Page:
Blinking into the Sunlight

Janus gateways to 2016I’ve been wondering all week who it was who first “emerged blinking into the sunlight.” It’s a lovely phrase but these days it’s turned into a cliché. Google it, and you find rather a lot of very dull examples but no source.

That is especially true now that Covid 19 restrictions may be coming to an end at last. For the time being. Perhaps.

So where did this lovely phrase originate? Shakespeare? The Bible? Milton? Doesn’t look like it.

Or could it be Mole, abandoning his whitewashing for the sheer delights of the spring, the river and friends?

London skyline with St Paul's dome and skyscrapers in fogOr poor devastated Orpheus, evicted from the Underworld, alone.

Maybe, though, it is more mundane. Maybe even collective. Prisoners, say. Or people who have gathered underground as a refuge. Maybe even an audience at some all-night movie show, leaving the cinema as day breaks.

A Mole Moment

So this morning, I woke up just after dawn. I’m a lark, not an owl, and this is normal for me. But it had rained like Niagara nearly all of yesterday and the light this morning was extraordinary. Piercing is the only word. It was my Mole moment. I wanted to be out there adventuring.

And pretty soon I was.

With a herd of elephants on the move.

I should explain that last night friends came to dinner. The first friends round my table for eighteen months! (I was like a labrador whose master has just come home from a year in Space.) And on the way to my house they had photographed this herd.

I  needed to see them. So out I went into the diamond-bright morning to look. And there they were, heading in determined convoy across a playing field. That’s the playing field outside the Saatchi Gallery at the Duke of York’s Headquarters on the King’s Road.

Big elephants, medium sized elephants, even a couple of little calves, tucking themselves close to an adult’s mighty legs for safety. All winding their way in an orderly crocodile across the green. Of course, these were statues, so the steady pounding feet was all in my imagination. But even so, blinking into the sunlight could make you catch, just at the edge of your vision, that steady movement, like a heartbeat.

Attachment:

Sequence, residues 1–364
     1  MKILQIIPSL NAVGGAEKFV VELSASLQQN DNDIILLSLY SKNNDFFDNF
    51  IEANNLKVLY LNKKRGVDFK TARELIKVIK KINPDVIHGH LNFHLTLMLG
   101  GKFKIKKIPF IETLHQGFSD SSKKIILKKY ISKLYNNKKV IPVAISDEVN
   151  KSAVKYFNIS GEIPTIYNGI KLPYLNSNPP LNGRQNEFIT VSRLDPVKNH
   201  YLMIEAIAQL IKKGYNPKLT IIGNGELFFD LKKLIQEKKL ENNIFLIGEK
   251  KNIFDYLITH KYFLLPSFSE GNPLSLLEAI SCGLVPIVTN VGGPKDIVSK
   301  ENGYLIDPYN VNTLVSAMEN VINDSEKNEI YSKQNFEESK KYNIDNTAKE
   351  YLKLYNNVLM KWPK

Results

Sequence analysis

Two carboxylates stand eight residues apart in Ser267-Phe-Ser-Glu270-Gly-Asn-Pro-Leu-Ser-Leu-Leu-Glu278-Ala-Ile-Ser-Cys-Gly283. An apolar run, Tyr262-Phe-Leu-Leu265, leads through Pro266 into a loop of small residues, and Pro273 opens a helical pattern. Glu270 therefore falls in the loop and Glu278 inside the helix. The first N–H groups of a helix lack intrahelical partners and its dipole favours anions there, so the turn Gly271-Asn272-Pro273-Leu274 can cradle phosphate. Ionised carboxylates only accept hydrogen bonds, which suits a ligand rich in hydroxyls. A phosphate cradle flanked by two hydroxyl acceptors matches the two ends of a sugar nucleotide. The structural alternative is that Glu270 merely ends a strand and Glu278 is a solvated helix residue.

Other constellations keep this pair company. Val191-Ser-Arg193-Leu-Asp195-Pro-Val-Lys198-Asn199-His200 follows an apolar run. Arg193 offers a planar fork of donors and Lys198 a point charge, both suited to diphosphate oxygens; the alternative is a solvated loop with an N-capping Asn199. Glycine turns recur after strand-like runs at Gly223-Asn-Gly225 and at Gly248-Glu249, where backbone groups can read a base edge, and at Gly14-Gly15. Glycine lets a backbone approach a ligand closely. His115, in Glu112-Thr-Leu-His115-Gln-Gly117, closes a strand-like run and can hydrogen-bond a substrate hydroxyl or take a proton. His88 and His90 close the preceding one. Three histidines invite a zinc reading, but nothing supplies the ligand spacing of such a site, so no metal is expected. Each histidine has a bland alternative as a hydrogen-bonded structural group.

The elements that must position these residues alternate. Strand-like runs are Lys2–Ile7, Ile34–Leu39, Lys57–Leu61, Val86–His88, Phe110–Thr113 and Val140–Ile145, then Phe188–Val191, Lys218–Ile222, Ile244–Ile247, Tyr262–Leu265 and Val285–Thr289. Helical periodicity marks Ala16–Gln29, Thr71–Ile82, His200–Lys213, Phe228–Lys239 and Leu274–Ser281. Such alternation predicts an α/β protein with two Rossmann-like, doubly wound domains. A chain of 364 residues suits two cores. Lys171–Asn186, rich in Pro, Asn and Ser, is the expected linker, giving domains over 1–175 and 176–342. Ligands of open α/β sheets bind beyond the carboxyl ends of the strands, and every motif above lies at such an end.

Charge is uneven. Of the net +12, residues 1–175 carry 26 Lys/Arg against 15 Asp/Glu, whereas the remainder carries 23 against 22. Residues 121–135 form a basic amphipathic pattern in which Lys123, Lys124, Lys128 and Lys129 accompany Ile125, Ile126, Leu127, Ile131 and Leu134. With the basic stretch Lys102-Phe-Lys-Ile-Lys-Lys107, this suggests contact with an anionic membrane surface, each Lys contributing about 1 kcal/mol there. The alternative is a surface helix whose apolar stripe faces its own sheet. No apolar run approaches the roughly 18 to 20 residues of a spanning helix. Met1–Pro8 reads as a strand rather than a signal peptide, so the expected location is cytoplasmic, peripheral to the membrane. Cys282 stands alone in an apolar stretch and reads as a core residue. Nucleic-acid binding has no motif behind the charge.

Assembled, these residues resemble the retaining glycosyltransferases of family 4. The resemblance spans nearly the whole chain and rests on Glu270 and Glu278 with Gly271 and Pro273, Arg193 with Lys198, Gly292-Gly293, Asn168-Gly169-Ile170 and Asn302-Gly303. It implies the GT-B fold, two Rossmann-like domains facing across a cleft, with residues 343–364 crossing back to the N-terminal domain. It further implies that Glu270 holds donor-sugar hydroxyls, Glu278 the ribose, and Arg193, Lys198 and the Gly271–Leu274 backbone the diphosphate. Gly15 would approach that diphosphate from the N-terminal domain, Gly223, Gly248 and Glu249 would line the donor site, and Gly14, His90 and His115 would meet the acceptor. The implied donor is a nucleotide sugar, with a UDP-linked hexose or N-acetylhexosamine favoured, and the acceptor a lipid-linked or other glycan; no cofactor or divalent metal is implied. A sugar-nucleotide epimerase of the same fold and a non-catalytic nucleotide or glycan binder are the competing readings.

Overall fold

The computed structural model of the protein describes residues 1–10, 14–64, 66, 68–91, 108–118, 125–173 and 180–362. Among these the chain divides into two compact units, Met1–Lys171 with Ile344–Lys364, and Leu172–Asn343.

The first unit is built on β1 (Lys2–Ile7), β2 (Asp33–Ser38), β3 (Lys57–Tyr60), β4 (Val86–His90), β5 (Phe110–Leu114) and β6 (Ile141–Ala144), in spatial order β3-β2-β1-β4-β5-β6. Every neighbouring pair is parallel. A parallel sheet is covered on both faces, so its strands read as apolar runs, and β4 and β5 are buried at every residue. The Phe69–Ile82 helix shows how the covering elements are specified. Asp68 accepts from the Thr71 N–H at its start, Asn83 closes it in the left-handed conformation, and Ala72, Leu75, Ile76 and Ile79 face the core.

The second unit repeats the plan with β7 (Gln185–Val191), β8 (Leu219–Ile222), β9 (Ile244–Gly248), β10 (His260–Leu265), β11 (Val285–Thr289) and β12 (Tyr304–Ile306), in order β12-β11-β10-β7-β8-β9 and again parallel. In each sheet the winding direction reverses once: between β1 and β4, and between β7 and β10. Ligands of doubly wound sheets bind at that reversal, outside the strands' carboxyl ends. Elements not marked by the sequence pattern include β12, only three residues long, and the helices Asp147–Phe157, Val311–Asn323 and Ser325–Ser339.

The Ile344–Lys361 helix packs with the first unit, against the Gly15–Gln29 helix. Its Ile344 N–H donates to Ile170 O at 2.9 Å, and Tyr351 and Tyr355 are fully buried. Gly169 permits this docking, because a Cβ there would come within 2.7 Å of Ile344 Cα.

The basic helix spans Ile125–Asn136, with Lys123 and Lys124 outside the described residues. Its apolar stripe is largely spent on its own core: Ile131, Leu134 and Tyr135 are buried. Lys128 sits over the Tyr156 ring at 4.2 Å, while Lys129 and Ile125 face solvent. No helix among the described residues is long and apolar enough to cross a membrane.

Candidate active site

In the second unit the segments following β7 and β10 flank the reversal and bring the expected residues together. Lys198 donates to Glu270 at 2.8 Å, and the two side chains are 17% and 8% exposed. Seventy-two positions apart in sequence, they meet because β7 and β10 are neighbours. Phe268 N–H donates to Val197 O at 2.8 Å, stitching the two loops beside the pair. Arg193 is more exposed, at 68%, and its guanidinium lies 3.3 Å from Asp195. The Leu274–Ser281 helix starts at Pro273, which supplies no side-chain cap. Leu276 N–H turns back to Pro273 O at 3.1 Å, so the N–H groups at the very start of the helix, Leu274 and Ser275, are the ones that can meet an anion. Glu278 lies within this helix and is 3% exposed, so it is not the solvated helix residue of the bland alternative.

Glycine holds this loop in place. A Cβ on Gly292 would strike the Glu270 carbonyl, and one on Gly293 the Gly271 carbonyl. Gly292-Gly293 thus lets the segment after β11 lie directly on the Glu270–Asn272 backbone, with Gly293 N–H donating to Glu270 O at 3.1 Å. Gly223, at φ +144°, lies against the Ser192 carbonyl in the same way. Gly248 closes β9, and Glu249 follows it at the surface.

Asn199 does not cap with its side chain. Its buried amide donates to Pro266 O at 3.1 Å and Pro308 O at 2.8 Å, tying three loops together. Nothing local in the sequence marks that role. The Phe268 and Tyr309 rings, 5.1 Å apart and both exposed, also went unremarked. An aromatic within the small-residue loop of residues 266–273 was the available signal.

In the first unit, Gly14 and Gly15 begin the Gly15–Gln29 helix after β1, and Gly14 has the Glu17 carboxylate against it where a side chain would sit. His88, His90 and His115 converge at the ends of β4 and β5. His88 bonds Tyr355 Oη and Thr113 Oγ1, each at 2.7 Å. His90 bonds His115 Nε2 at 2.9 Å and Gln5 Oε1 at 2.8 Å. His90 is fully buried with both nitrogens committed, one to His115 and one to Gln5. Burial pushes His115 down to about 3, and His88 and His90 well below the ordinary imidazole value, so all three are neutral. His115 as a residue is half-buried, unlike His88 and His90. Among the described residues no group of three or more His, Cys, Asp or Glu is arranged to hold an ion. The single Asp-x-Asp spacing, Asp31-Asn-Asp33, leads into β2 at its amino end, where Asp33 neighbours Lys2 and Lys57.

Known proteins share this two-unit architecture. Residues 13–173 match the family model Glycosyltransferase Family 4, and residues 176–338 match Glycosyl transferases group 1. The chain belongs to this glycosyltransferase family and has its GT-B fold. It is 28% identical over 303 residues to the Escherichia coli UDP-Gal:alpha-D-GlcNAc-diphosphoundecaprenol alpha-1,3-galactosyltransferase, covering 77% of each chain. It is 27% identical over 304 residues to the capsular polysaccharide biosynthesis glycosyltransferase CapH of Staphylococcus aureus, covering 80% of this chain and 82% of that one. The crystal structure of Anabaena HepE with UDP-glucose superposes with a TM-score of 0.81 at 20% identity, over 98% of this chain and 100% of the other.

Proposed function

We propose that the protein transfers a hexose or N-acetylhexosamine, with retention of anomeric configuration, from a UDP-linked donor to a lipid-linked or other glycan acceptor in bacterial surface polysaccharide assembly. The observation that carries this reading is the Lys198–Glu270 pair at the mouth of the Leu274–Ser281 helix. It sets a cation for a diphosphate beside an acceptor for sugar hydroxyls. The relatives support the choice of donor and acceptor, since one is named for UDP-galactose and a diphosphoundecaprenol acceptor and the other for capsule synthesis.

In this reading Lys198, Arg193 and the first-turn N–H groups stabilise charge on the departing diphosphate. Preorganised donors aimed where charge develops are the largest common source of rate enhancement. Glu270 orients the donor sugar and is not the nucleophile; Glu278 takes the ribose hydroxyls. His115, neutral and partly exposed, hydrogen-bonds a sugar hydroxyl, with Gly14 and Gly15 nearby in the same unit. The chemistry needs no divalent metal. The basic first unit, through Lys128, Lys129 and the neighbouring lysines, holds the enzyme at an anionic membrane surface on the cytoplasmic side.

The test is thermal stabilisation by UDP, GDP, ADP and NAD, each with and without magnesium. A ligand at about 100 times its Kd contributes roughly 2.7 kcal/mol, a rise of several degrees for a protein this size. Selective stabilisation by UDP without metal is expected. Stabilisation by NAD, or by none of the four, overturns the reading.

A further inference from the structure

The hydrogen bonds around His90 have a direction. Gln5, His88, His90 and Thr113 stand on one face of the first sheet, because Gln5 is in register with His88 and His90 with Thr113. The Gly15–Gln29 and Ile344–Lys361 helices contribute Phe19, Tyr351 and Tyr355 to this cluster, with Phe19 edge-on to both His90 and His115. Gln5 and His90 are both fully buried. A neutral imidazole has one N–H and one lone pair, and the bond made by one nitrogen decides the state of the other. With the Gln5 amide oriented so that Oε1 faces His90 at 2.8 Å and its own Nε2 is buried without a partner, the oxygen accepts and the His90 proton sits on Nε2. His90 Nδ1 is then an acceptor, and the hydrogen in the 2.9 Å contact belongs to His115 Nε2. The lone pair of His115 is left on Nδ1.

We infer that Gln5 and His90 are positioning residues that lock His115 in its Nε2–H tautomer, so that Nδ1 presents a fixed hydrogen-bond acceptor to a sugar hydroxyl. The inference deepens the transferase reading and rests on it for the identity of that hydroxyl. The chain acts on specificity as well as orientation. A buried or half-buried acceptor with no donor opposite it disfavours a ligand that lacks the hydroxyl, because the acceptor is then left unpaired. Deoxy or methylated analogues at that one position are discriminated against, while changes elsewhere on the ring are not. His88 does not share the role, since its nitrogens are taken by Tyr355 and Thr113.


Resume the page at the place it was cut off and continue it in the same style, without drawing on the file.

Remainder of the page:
Some of the animals had broken away from the herd. In the brilliant morning sun, they were clearing a path for their family and friends – outside MacDonalds.

And yes, I was blinking into the sunlight. Several times. I may even have sniffed a bit. It was extraordinarily moving.

The Orpheus Aspect

It was like that moment in Gluck’s Orfeo, when the animals gather round to hear Orpheus play. You believe that man and beast can live in harmony, sympathise with each other and adapt, gently and courteously.

I went and stood close among them and looked up into the face of one. I really loved that elephant. He looked wise.

And kind.

Apparently these magical beasts are a part of a project called CoExistence, which describes itself as an environmental art campaign. The objective seems to be to persuade us humans to stop encroaching on other creatures’ habitat and damaging their way of life. Seen here with lovely Sarah Mallory of this Blog, in last night’s end-of-rain.

Also they are fund-raising to pursue their worthy aims. You can adopt an elephant. Each one is an individual, unique. Apparently you can even buy one, though I don’t suppose you can actually take it home with you. Even if you have a home big enough. There are four types: tusker, matriarch, adolescent and calves. All but the last are enormous. Life-size, I assume. They certainly feel like it.

I stood among some of them, probably adolescents – no tusks and not big enough for matriarchs – and looked out through their trunks into the Kings Road. This elephant had a challenging glint in his eye. I didn’t blame him.

Inter-species Co-operation?

In the morning sunshine, the King’s Road was full of people shopping, returning to “normal”.

There were even queues. It almost made you forget the boarded up doors and windows, where shops wouldn’t open again after the the pandemic. They gathered outside two sorts of shops: fashion emporia and ice cream parlours. Ice cream I wholly sympathise with. But look at new clothes on a hot, sticky day like this? Really?

Duke of York’s Square looked positively Mediterranean, busy and convivial. It had bunting. The shadows the trees cast offered welcome shade. People sat in convivial groups. There was laughter and a lot of chat.

Talented buskers played the sort of guitar music that makes you want to dance. People  listened with pleasure. Nobody danced though. Not that Mediterranean.

Yet, in the corner another four adult elephants  had got away from the orderly procession. They were trampling undergrowth and heaving young trees in the Square itself. It made a passing cyclist look positively reckless.

Indeed, these elephants were within chocolate-ice-cream-chucking distance of Sir Hans Sloane’s statue.

He is the doctor who “invented” chocolate as a medicinal remedy for just about everything. And made a fortune out of it, became a property developer and now has several streets called Hans Town after him.

And endowed the British Museum and the Chelsea Physic Garden, too.